I thought when I started my job that I would be the person who answers the phone all the time. While I do that sometimes (and should probably do it more), the phone-answering duties are distributed throughout the office. My administrative assistance is more relegated to:

  • Making appointments for the publisher and creative director
  • Sitting in on meetings and calls and taking notes
  • Reminding my bosses when they’re supposed to be somewhere
  • Updating the editorial calendars with changed pub dates and specs for all the books, card decks, and movies (we distribute some DVDs in addition to publishing books)
  • Gatekeeping
    • Someone called asking for my boss recently and refused to give me her name. It felt a little weird not to be helpful and obliging, but it also felt pretty righteous to exercise my “NOPE” muscle on her.

Marketing and Technical Assistance

I don’t do as much in the marketing arena as I have at other jobs, but I do help out from time to time. My boss got an idea recently to do an “old-fashioned” marketing campaign where I mailed a letter and a single “oracle” card from a recent deck we had done to about 400 specialty bookshops across the country. Since the marketing coordinator was busy coordinating, I took on that job (and enjoyed more than a few podcasts in the process). Other things I do include:

  • Sending out sales letters
  • Mailing galleys
    • Those are the advanced copies of the books that people who host radio shows, podcasts, TV morning shows, and other publications read and review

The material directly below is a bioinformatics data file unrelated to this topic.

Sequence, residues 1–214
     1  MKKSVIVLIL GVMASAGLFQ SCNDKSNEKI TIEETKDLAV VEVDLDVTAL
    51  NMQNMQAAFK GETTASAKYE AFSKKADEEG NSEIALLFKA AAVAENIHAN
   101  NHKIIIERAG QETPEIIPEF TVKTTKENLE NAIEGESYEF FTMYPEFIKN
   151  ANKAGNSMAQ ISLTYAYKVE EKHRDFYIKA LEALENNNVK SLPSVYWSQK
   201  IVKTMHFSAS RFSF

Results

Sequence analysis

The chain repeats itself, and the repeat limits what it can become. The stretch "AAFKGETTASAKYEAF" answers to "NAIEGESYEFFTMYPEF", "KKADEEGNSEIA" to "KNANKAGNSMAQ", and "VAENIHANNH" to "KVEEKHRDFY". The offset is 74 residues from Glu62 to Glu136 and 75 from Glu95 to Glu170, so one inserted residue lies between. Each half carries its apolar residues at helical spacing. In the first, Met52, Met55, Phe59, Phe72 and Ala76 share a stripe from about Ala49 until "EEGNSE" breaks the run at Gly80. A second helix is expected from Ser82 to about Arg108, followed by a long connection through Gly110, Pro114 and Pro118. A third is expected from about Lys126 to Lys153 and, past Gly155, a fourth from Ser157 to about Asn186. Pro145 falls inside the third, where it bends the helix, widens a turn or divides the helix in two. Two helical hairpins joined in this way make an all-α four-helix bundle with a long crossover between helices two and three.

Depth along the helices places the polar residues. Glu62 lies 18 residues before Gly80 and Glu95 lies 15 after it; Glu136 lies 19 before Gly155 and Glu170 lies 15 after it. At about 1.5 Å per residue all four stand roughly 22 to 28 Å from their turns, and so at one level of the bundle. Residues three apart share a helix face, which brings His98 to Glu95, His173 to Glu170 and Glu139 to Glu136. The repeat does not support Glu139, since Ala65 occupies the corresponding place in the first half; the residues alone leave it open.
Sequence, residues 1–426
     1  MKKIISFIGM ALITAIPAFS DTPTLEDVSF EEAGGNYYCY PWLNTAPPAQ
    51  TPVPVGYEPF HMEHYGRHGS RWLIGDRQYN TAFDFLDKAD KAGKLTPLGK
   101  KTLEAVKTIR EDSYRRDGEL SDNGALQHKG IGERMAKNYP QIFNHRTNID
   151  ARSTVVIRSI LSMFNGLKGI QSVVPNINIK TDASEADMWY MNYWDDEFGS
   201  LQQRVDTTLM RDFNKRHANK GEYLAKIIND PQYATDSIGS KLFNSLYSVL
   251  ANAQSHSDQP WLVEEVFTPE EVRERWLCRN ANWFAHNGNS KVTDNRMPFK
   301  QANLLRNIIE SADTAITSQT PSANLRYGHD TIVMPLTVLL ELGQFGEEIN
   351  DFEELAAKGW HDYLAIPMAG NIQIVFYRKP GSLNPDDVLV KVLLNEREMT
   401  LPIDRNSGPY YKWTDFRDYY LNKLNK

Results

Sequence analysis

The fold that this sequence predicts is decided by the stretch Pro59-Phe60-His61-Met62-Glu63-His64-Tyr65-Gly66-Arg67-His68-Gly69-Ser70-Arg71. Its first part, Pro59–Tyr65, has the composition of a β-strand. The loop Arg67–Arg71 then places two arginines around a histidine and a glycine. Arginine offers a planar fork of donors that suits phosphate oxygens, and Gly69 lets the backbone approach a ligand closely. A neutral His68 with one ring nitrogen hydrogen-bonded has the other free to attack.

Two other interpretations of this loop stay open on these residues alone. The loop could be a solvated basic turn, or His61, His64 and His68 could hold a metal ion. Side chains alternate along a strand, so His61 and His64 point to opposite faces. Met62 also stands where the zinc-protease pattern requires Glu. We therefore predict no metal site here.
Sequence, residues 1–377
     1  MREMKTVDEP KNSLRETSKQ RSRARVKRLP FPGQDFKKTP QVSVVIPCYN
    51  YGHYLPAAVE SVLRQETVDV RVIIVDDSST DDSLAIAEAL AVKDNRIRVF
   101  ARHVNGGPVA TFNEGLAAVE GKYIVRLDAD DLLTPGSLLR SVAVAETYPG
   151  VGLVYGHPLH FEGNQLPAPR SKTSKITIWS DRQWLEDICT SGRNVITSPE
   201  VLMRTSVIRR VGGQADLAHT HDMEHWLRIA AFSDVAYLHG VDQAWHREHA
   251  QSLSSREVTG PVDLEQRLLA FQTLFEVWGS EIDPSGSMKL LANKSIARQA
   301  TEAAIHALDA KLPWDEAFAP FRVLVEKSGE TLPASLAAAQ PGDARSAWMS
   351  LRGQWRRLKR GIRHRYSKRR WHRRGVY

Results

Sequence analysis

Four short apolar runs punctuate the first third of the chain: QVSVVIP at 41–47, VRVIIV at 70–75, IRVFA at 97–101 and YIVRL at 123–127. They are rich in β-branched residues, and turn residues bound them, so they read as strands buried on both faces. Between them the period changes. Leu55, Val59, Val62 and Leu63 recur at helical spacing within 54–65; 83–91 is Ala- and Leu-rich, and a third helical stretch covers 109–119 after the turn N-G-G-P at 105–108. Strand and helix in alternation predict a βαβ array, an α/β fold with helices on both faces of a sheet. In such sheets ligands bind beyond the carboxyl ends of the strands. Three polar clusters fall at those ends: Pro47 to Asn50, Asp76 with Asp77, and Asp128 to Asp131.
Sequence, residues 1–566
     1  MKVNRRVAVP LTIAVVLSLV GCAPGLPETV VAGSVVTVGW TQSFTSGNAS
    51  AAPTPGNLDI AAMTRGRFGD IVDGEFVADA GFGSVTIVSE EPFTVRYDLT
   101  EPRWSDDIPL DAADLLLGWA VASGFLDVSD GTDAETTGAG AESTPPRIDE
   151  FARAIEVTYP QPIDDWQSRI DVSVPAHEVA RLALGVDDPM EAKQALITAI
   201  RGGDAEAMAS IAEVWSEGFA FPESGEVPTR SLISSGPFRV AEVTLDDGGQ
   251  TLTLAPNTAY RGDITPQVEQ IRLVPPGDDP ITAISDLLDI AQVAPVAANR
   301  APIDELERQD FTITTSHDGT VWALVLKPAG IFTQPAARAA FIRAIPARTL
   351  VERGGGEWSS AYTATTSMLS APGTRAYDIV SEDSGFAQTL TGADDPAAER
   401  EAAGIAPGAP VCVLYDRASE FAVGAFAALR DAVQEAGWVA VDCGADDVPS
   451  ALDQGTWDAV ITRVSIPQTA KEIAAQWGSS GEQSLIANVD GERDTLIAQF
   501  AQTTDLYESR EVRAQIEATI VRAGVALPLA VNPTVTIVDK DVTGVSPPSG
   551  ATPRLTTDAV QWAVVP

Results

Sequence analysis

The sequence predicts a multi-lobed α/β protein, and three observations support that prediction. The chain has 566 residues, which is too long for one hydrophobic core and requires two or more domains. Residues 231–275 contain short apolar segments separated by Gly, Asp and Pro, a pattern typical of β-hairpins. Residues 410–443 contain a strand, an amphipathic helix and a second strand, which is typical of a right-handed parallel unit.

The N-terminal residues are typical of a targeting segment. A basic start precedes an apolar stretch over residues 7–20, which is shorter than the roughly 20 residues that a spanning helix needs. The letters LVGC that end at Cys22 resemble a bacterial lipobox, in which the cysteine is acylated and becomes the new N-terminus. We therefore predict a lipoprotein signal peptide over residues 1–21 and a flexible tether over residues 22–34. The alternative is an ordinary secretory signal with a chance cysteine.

• Updating customer databases
    • Our sales/accounting people are busy and often need someone to clean up and organize stuff

 Editorial Assistance

  • Our managing editor is on leave, so I was able to help project-manage one of our in-progress book projects, interfacing with the author and making sure that everything was where it was supposed to be.
  • Recently I was able to copy edit an upcoming deck of cards that has inspirational phrases and the book that went along with it.
  • I also do a lot of random proofreading and copyediting.
  • Our developmental editor for adult books has been copying me on some of her recent emails (at my request), so I can learn more about what she does.

Acquisitions Assistance

The acquisitions at my job are a little different from what I learned was done at other publishing houses. Instead of an “acquiring editor” we have a Creative Director who both reads manuscripts and watches films that we might want to distribute. A very large part of my job is reading potential manuscripts and researching authors, which is actually what I would have envisioned back when I was a younger person thinking about what “working in publishing” might entail. And that’s kind of fun.

  • Reading the slush pile
  • Helping to get pitch documents together